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By Maddy Smith
Today, marketing procurement has greater influence and scope than ever, and as the findings of the Havas “Meaningful Brands Special Report: The Client-Agency Barometer” shows there is an urgent need to build a more meaningful relationship between agencies and clients.
Launched at this year’s ProcureCon Marketing EU Conference in London, Havas unveiled its “Meaningful Brands Special Report: The Client-Agency Barometer, which the agency claim is a ”first-of-its-kind” report examining how agencies can become more meaningful, long-term partners amid ongoing disruption brought on by the global pandemic, supply chain issues and shifts in technology and data.
Rising influence of marketing procurement
But, the report states, as client marketing investment has risen, so too has the influence of procurement departments – a group of professionals that has often been dismissed as merely in charge of making the numbers add up.
In fact, the report says, marketing procurement has greater influence and scope today than ever, and as the results of the study demonstrate, they are calling for an urgent reset of the agency-client relationship to ensure it is fit for purpose into the future.
Conducted in partnership with YouGov, the report consists of in-depth interviews and a wide-ranging quantitative study among more than 100 procurement decision makers in the US and UK. The Client-Agency Barometer paints a fascinating picture of the current state of how agencies and clients work together, the depth of passion and commitment evident on both sides and the importance of transparency, understanding and talent to the future success of the industry.
These same themes were echoed throughout the ProcureCon Conference with the opening address, delivered by Havas client Brioney Moore, Global Category Lead – Marketing Agencies at Reckitt, really highlighting those new challenges and priorities:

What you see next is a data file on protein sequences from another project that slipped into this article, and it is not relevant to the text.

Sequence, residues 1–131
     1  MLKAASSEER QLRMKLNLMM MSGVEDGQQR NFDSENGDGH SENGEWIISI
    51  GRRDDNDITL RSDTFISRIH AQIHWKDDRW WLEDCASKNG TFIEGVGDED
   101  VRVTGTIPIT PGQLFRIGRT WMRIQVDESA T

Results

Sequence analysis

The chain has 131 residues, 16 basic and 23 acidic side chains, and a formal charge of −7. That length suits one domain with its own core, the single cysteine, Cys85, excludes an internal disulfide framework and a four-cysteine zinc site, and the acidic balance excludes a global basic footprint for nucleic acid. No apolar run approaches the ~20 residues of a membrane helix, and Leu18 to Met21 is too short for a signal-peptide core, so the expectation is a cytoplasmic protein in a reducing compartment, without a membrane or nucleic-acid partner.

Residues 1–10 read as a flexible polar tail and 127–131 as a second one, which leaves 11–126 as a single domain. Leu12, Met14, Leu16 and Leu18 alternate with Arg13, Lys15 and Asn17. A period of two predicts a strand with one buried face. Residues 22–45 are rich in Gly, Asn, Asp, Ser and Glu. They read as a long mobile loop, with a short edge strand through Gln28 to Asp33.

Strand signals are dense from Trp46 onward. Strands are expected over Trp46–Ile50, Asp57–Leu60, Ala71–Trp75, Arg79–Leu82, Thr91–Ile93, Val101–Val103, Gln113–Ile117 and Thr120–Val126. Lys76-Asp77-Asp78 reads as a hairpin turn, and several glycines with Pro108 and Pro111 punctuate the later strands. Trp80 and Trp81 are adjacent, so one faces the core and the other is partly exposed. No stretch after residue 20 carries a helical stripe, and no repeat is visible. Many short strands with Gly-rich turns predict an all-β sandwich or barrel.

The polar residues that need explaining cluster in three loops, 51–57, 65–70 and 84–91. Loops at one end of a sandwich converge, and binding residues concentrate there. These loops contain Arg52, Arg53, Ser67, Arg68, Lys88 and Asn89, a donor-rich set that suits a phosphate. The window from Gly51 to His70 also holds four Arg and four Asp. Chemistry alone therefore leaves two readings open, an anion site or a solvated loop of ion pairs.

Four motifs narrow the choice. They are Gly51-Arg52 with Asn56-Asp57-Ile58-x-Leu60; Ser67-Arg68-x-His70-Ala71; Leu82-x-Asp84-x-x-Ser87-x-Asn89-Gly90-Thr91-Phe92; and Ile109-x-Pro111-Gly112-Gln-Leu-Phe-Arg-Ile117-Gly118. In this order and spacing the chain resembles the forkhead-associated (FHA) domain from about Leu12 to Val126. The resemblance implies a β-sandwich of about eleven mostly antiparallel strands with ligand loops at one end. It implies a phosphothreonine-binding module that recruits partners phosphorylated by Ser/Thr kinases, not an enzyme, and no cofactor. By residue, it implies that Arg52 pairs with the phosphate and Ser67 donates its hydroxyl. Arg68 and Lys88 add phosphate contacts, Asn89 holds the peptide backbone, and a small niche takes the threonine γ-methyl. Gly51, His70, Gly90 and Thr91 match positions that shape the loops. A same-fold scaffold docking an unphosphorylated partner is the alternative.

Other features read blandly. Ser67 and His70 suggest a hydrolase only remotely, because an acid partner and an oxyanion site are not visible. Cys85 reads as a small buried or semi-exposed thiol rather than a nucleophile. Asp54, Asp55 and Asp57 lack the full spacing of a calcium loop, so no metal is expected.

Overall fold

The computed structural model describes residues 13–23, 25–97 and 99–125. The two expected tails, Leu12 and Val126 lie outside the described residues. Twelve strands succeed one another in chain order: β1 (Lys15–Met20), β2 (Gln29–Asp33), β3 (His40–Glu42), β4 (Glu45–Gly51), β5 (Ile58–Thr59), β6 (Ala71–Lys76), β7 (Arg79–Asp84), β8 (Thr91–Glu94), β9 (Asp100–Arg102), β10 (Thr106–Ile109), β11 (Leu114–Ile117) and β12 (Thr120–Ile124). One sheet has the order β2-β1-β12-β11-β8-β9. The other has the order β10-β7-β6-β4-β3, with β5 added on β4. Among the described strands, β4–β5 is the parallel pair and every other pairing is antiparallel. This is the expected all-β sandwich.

‘Finding the best talent and retaining them has become an increasingly arduous task; sustainability is no longer a ‘nice to have’, but rather an integral part of the agency selection process; today, procurement’s role is to help simplify complexity by providing consulting, bringing innovation and working as a true partner with agencies.
Moore also said that ‘our time is now’ observing that marketers have witnessed a dramatic rise in complexity, which they ultimately require procurement to help make sense of.
Discussing the report’s findings, Global Chief Strategy Officer Havas Creative Group, Mark Sinnock and Global EVP Managing Director Strategy and Intelligence Havas Media Group, Lizzie Nolan explore the multitude of factors leading to an evolutionary mindset which is evolving and changing what clients expect, as well as how agencies are set up to respond.
Significant growth in influence over the next 3-5 years
Procurement now perceive themselves as drivers of business transformation. Two fifths of the report’s participants believe that marketing procurement will become more important within their organisation in the next three to five years, while 43% say marketing procurement will become more influential within their organisation within the next 3-5 years. This further suggests the growing impact and influence of the sector in the coming years and the challenges facing agencies, which are identified in the research, are only going to become more pressing.
One in four respondents view transformation as the most important element of their skillset and responsibilities.
In terms of how, if at all, will the role of marketing procurement change over the next 3-5 years, unsurprisingly, driving business and sales performances was named by the most respondents (30%) as the most important factor affecting their roles at present.
As well as this, tech solutions, sustainability and purpose-led comms are the prime areas of importance over the next three to five years that fundamentally reflect the new dimensions of brand and marketing which must be embraced.
31% of respondents believe that innovation and future-focused solutions, data and technology will have a considerable bearing in driving change and the role of marketing procurement in this time period. Finally, two in five (42%) believe procurement will see an increased reliance on data and technology solutions
A lack of trust
It is well-documented that a lack of trust is evident amongst agency and client relationships. With the release of Havas’ Client-Agency Barometer 2022 report, this statement has become even more apparent. Respondents expressed concern which will ultimately make uncomfortable reading for agency leaders, painting a picture of a sector which is performing reasonably in some areas, yet has significant room for improvement in others.
Whatsmore, 56% of respondents believe that agencies over-promise and under-deliver while 53% say that agencies are getting complacent. These findings clearly show that once strong relationships are now under strain.
Shedding light on how agencies are failing to meet expectations, almost half of procurement leaders believe there is a disconnect between what they need and what agencies are offering, while 46% agree that agencies only provide traditional solutions to problems